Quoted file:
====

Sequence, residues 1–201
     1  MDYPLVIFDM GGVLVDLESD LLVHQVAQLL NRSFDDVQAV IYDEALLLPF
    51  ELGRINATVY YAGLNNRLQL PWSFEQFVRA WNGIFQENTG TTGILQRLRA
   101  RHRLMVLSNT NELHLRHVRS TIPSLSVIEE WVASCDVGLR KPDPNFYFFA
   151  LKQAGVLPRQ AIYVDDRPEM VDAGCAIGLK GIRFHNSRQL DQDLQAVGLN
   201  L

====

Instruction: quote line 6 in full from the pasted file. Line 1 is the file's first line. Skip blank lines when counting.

   201  L